The last year has seen considerable change in the U.S.-Russian relationship -- or at least the desire and promise for change. In Washington, the Obama administration has talked of a "reset," and in Moscow, the unofficial publication of a Foreign Ministry document has prompted mentions of a "seismic shift." But the prospects for U.S.-Russian relations cannot be discussed in isolation from wider questions: In what direction is Russia moving? What will Russia be like ten or 20 years from now?
Speculation on the future of nations rests both on near certainties and on imponderabilia, which cannot possibly be measured, let alone predicted. Russia's demographics provide some near certainties: over the last two decades, more than 20,000 villages and small towns have ceased to exist, the immigration of Central Asian workers and Chinese traders has continued, and the Russian birthrate of 1.5 children per woman has stayed well below the replacement rate of 2.1 children per woman. A radical reversal of these demographic trends seems quite unlikely. There will be fewer ethnic Russians in the Russia of the future, to be sure. What is less clear is whether Moscow will even be able to hold on to the Russian Far East and all the territories of Russia beyond the Urals.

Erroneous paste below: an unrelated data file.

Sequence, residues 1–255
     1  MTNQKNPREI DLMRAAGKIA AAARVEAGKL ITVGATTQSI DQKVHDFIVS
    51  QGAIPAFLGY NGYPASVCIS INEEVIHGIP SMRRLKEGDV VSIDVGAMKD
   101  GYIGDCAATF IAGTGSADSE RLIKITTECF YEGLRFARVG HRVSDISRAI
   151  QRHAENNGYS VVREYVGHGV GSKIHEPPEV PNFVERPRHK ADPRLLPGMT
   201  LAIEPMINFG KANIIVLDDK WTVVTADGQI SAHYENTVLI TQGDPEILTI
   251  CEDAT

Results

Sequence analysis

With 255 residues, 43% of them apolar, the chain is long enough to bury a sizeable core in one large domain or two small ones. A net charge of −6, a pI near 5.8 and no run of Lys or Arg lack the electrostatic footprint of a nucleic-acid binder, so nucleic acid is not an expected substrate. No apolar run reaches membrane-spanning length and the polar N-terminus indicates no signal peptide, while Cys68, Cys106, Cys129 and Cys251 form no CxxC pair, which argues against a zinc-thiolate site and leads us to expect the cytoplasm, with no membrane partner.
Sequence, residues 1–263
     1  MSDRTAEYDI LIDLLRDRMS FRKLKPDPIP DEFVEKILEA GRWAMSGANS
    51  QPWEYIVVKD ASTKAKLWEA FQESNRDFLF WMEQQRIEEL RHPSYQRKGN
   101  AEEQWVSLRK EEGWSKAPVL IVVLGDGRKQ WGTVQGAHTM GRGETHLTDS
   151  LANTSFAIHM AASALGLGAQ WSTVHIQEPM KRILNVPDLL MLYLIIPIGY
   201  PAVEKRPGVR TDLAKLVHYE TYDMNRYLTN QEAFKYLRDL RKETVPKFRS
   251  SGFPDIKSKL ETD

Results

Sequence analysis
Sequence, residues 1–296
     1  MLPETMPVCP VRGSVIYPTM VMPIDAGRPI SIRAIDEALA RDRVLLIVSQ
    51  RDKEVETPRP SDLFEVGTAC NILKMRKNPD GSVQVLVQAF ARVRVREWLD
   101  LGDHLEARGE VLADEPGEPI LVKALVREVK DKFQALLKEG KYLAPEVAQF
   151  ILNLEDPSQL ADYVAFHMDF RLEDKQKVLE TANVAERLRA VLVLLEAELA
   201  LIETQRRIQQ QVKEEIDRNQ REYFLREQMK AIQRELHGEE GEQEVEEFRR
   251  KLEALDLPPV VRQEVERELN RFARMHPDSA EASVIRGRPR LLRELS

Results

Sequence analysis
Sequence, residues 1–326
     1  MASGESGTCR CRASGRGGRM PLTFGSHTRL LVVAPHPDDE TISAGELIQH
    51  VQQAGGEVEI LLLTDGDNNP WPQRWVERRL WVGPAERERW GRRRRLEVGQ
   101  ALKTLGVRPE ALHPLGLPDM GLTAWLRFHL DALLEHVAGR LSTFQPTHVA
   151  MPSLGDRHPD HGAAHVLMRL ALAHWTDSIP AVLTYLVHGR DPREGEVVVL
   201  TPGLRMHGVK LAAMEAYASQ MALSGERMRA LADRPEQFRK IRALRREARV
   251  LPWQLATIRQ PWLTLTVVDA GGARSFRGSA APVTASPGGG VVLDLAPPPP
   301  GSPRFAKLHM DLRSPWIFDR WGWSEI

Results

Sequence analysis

As for the imponderabilia: if it had not been for Mikhail Gorbachev and Boris Yeltsin, the Soviet system -- although doomed -- might have been able to hang on to power for another decade or two. From 1972 to 2008, the price of oil went up from $2 a barrel to almost $150 a barrel (as of the summer of 2010, it was less than half that). In other words, if Russia was still the Soviet Union, the enormous windfall that Moscow has experienced over the last decade would have been ascribed not to Vladimir Putin's wise and energetic leadership but to Leninism and the farsighted successors of the Soviet leader Yuri Andropov.
To a large extent, Russia's prospects still depend on the price of oil. The
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